Destructive Jealousy in Iago and Othello

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About this sample

About this sample


Words: 646 |

Page: 1|

4 min read

Published: Jun 14, 2024

Words: 646|Page: 1|4 min read

Published: Jun 14, 2024

Table of contents

  1. Why is Iago Jealous of Othello?
  2. The Destructive Consequences of Jealousy
  3. Conclusion
  4. Bibliography

Jealousy is a powerful and destructive emotion that can consume individuals, leading them to commit heinous acts. In William Shakespeare's play, Othello, the characters Iago and Othello both experience jealousy, but in different ways and to different extents. This essay will explore the reasons behind Iago's jealousy of Othello and the consequences it has on their lives. By examining the text, we can gain insight into the destructive nature of jealousy and its ability to corrupt even the most noble of characters.

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Why is Iago Jealous of Othello?

Iago's jealousy of Othello stems from a variety of factors within the play. One of the main reasons for Iago's envy is his belief that Othello has slept with his wife, Emilia. In Act 1, Scene 3, Iago states, "I hate the Moor, and it is thought abroad that 'twixt my sheets he has done my office" (1.3.378-379). This quote suggests that Iago suspects Othello of having an affair with Emilia, which fuels his jealousy and desire for revenge.

Furthermore, Iago is jealous of Othello's success and position of power. As a skilled and respected military general, Othello holds authority and admiration from those around him. In contrast, Iago feels overlooked and undervalued, despite his own skills and intelligence. This sense of inferiority intensifies Iago's jealousy, leading him to plot Othello's downfall.

In addition to these personal reasons, Iago's jealousy is also fueled by his racist beliefs. Othello, as a black man in a predominantly white society, faces discrimination and prejudice. Iago, being a racist himself, cannot stand the idea of a black man achieving success and marrying a white woman, Desdemona. This racial jealousy adds another layer to Iago's motivation to destroy Othello.

The Destructive Consequences of Jealousy

Jealousy is a destructive emotion that not only affects the jealous individual but also those around them. In the case of Iago, his jealousy leads him to manipulate and deceive others, ultimately causing the downfall of several characters in the play.

Firstly, Iago's jealousy prompts him to manipulate Othello's trust and sow seeds of doubt in his mind. By exploiting Othello's insecurities and feeding him false information, Iago is able to convince Othello of Desdemona's infidelity. This manipulation ultimately leads to Othello's tragic downfall, as he becomes consumed by jealousy and commits the unthinkable act of killing his own wife.

Moreover, Iago's jealousy also destroys the lives of other innocent characters, such as Desdemona and Emilia. Desdemona, being accused of infidelity by Othello, suffers a cruel fate at the hands of her husband. Emilia, on the other hand, becomes a victim of Iago's jealousy, as he manipulates her into unknowingly participating in his malicious plans. These women, who are mere pawns in Iago's game of jealousy, pay the ultimate price for his destructive actions.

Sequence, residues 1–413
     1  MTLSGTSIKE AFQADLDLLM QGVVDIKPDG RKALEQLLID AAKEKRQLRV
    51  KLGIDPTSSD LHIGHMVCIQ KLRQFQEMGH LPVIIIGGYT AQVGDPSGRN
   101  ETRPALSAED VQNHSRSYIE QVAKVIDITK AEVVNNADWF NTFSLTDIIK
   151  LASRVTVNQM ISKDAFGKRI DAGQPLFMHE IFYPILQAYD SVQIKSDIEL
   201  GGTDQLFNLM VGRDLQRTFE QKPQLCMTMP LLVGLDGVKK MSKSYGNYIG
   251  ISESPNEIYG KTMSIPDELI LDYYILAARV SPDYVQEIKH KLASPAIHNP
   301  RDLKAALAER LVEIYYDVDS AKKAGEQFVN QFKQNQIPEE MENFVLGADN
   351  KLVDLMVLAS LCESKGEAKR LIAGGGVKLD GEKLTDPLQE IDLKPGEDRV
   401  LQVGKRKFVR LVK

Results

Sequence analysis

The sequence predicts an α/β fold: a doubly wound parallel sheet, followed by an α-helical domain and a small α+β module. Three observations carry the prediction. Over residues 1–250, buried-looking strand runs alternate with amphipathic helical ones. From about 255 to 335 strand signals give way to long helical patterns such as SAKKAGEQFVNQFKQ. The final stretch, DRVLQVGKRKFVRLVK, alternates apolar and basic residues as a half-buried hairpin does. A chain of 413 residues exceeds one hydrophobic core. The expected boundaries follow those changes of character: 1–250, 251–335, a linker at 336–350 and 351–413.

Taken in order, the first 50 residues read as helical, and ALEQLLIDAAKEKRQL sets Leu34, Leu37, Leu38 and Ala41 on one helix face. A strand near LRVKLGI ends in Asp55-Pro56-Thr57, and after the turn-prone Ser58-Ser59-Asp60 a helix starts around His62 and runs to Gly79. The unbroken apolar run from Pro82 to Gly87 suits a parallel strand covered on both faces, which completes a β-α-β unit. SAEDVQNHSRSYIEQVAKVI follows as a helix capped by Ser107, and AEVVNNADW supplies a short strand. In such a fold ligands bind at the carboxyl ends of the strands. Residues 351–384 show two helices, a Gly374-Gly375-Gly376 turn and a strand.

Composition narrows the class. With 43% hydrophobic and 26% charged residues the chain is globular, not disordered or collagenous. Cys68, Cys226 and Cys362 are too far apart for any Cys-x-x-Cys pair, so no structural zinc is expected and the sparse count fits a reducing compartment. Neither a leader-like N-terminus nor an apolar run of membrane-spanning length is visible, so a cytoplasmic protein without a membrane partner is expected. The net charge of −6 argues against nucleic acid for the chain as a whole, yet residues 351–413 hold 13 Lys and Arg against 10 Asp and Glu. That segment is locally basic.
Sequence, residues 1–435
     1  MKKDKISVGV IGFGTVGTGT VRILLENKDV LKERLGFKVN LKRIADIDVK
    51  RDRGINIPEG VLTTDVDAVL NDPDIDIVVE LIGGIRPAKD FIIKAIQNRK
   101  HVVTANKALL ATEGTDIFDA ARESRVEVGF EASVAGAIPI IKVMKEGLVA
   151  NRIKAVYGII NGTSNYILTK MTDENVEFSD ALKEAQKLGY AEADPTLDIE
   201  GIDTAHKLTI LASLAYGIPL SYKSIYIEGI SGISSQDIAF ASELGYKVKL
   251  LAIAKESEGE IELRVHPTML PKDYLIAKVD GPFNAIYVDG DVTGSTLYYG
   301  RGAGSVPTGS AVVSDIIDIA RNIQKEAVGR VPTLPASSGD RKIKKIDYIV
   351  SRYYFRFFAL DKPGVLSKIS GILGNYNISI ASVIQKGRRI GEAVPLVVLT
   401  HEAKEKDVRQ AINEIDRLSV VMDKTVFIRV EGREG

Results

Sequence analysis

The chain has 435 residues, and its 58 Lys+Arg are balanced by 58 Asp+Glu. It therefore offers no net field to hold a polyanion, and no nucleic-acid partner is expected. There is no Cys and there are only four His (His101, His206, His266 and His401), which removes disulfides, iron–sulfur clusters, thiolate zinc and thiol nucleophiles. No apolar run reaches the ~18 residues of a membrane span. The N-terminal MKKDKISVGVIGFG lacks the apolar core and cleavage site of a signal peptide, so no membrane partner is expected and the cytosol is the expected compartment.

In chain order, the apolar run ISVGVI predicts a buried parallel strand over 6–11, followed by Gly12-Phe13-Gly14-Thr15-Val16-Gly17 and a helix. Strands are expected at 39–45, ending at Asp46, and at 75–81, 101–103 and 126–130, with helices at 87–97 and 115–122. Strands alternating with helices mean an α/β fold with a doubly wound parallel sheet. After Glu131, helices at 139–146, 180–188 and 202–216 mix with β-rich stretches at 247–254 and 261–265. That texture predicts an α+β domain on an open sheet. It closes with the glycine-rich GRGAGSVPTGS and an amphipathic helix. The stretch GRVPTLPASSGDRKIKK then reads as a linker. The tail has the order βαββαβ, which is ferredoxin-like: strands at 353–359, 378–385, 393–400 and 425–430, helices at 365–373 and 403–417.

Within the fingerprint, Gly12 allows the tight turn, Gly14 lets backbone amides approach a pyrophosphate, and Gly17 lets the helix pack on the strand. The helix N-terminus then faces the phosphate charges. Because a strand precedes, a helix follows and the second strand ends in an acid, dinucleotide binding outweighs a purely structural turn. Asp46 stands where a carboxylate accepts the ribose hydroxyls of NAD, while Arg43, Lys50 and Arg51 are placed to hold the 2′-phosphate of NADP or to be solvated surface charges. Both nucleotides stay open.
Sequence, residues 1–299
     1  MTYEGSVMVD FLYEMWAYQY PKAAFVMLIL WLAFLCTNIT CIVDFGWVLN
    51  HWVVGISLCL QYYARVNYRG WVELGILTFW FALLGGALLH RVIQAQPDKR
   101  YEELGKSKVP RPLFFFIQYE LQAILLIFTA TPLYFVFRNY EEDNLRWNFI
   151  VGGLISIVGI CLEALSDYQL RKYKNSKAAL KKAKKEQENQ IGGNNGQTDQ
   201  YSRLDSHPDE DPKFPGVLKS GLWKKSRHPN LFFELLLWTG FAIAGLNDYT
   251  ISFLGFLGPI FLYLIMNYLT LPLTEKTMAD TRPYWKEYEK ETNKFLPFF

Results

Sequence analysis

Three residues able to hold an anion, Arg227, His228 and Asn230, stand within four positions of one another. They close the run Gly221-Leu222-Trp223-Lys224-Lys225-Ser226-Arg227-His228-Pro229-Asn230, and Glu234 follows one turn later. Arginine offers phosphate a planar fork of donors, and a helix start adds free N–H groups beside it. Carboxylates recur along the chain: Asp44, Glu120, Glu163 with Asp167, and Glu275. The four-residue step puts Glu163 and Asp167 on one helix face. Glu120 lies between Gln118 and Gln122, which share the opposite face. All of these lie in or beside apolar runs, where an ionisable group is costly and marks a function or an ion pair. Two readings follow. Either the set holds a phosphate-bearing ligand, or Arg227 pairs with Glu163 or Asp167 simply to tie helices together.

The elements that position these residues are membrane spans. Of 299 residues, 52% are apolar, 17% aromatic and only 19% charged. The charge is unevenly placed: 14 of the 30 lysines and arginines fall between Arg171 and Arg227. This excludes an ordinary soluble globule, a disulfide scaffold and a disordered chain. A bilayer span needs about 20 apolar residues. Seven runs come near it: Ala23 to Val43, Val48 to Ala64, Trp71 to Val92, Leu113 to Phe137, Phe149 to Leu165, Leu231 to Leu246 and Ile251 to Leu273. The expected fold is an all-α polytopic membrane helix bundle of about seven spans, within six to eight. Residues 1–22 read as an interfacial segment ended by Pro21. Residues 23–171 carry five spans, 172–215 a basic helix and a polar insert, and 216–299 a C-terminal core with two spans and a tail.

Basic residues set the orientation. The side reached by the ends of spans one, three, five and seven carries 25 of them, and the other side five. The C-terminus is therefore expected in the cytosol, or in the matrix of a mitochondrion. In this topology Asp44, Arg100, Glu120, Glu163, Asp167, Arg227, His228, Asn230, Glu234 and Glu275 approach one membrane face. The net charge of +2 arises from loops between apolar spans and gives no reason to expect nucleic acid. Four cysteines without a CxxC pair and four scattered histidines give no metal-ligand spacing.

The destructive consequences of jealousy extend beyond the immediate victims, as well. The play ends with Othello realizing the truth about Iago's manipulations and taking his own life out of guilt and remorse. This tragic ending highlights the destructive power of jealousy, not only in the lives of individuals but in society as a whole.


In conclusion, Iago's jealousy of Othello in Shakespeare's Othello is driven by personal, racial, and societal factors. His envy leads him to manipulate and deceive others, resulting in the tragic downfall of multiple characters. This play serves as a cautionary tale, highlighting the destructive nature of jealousy and its ability to corrupt even the most virtuous individuals.

It is crucial for us to recognize the dangers of jealousy in our own lives and society. By understanding the motivations behind jealousy, we can strive to overcome it and prevent it from causing harm to ourselves and those around us. Shakespeare's exploration of jealousy in Othello serves as a timeless reminder of the destructive power of this emotion, urging us to resist its allure and strive for empathy and understanding instead.

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Shakespeare, William. Othello. Edited by E. A. J. Honigmann, Oxford University Press, 2004.

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Dr. Charlotte Jacobson

Cite this Essay

Destructive Jealousy in Iago and Othello. (2024, Jun 14). GradesFixer. Retrieved July 15, 2024, from
“Destructive Jealousy in Iago and Othello.” GradesFixer, 14 Jun. 2024,
Destructive Jealousy in Iago and Othello. [online]. Available at: <> [Accessed 15 Jul. 2024].
Destructive Jealousy in Iago and Othello [Internet]. GradesFixer. 2024 Jun 14 [cited 2024 Jul 15]. Available from:
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